Millennials expect more than half of their retirement money to come from personal means — but 42% haven’t even started saving yet

Young people work laptop
Working through retirement could become the norm for millennials. Stock Rocket/Shutterstock

A retirement crisis has been looming in the US for some time. As more Americans grow older and live longer, the prospect of a traditionally secure retirement plan funded primarily by employers and the government has become something of folklore to younger generations.

In fact, a new report from Merrill Lynch and Age Wave found that 52% of millennials (US adults aged 25 to 39) believe the nation’s mounting financial inequality has rendered a secure retirement a luxury afforded to only a select few. By contrast, 47% of Gen Xers and just 30% of baby boomers, the parents’ of millennials, consider a secure retirement unattainable.

The report, which surveyed nearly 5,000 people age 25 and above, revealed that aside from the nation’s current retirees — primarily the silent generation (those older than 70) — every other generation anticipates relying significantly on personal means to fund their retirement, and each one at a higher clip than the previous generation.

While millennials, the youngest generation surveyed, expect 65% of their retirement funding to come from personal means, 42% haven’t yet started squirrelling away money. Moreover, they plan to continue working into retirement, anticipating income from a job will make up nearly one-fourth (24%) of their overall retirement fund. The remainder, they presume, will come from savings and investments (29%), government programs (21%), employers (14%), and family (12%).

“Changing financial realities, combined with new life trajectories that emphasise longer careers, will make working in retirement the new norm for many,” Kirstin Hill, head of personal retirement solutions at Bank of America Merrill Lynch, told Business Insider.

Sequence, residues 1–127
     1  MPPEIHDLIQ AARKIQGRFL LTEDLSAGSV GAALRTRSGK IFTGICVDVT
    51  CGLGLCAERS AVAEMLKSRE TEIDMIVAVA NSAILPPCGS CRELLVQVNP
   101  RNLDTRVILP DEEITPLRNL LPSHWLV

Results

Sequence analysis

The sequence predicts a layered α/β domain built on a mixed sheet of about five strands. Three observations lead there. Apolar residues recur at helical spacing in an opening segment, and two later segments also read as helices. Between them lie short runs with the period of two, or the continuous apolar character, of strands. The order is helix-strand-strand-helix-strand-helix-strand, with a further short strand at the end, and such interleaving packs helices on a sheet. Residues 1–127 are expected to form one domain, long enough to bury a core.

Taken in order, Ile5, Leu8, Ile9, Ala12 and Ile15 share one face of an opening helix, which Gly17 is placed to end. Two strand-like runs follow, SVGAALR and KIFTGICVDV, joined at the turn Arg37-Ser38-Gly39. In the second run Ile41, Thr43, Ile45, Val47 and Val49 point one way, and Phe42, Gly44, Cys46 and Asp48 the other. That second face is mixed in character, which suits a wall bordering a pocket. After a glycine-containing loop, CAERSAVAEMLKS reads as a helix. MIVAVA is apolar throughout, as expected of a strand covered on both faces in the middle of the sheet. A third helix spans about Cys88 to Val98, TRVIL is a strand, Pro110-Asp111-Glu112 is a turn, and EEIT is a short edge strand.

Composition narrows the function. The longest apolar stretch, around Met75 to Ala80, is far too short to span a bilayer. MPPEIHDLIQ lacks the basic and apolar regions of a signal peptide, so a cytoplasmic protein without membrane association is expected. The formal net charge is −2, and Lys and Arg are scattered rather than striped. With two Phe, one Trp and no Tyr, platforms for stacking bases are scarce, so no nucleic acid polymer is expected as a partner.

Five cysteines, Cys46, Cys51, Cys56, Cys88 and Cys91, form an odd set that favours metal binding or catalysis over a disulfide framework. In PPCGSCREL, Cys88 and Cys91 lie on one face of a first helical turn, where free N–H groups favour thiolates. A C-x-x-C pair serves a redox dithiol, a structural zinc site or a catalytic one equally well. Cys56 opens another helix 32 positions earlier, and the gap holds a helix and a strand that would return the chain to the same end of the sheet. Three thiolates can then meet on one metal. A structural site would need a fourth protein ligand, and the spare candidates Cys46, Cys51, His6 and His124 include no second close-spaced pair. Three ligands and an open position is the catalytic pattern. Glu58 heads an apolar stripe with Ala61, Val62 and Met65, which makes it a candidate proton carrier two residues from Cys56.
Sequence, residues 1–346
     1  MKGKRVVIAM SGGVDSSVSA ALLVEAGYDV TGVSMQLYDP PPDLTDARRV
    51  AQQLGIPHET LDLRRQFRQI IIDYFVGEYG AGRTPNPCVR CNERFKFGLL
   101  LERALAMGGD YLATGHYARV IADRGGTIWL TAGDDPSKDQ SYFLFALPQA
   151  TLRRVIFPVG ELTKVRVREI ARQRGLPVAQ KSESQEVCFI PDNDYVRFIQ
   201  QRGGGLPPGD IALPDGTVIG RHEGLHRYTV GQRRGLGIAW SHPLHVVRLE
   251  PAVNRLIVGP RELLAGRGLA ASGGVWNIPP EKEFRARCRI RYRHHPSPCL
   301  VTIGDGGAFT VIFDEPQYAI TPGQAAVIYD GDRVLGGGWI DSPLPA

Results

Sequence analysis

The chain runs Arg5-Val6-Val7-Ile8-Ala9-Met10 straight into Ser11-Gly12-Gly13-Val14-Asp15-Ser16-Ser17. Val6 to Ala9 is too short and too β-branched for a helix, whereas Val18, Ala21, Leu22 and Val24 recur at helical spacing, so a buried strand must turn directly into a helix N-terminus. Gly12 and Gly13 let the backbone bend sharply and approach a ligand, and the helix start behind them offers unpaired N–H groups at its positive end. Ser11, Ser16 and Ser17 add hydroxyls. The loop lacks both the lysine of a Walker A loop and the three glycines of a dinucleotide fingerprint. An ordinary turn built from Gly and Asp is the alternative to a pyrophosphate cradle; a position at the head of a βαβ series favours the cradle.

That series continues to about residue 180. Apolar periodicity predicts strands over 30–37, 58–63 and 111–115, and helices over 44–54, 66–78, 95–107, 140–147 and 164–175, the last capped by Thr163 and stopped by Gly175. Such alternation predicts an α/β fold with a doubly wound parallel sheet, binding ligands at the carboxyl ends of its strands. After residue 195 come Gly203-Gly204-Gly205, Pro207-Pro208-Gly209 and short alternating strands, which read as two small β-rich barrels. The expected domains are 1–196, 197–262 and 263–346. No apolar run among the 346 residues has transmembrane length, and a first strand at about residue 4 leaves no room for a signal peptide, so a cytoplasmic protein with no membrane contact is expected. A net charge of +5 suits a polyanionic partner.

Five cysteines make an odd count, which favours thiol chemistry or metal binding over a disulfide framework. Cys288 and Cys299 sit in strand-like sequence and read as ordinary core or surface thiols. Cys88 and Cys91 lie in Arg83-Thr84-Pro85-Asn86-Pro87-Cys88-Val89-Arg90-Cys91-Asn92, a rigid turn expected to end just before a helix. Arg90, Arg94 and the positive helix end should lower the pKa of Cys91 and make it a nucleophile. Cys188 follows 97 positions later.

“To best prepare, there are steps millennials can be taking now to position themselves for an ideal work situation in the future, such as mapping out longer-term career goals, planning ahead for any investments in education or training, and learning as much as possible about flexible career options and new paths,” she said.

Meanwhile, boomers are planning on 40% of their retirement money coming from personal sources — about the same amount they expect to get from government funding — while Gen X expects 55% will come from personal means and 29% from the government.

With the average cost of retirement now up to $US738,400 — more than the combined cost of a college education, raising a child from birth to age 18, and buying a home, according to the study — it’s likely the most expensive purchase most Americans will ever make.

And though all generations surveyed say they should be earmarking about 25% of their after-tax, disposable income for retirement, the average annual savings rate is just 5.7%, according to the Federal Reserve. Survey respondents overwhelmingly attribute their paltry savings to not having enough money left after covering basic expenses and paying down debt.

In total, 56% of the US adult population has less than $US10,000, or nothing at all, saved for retirement.

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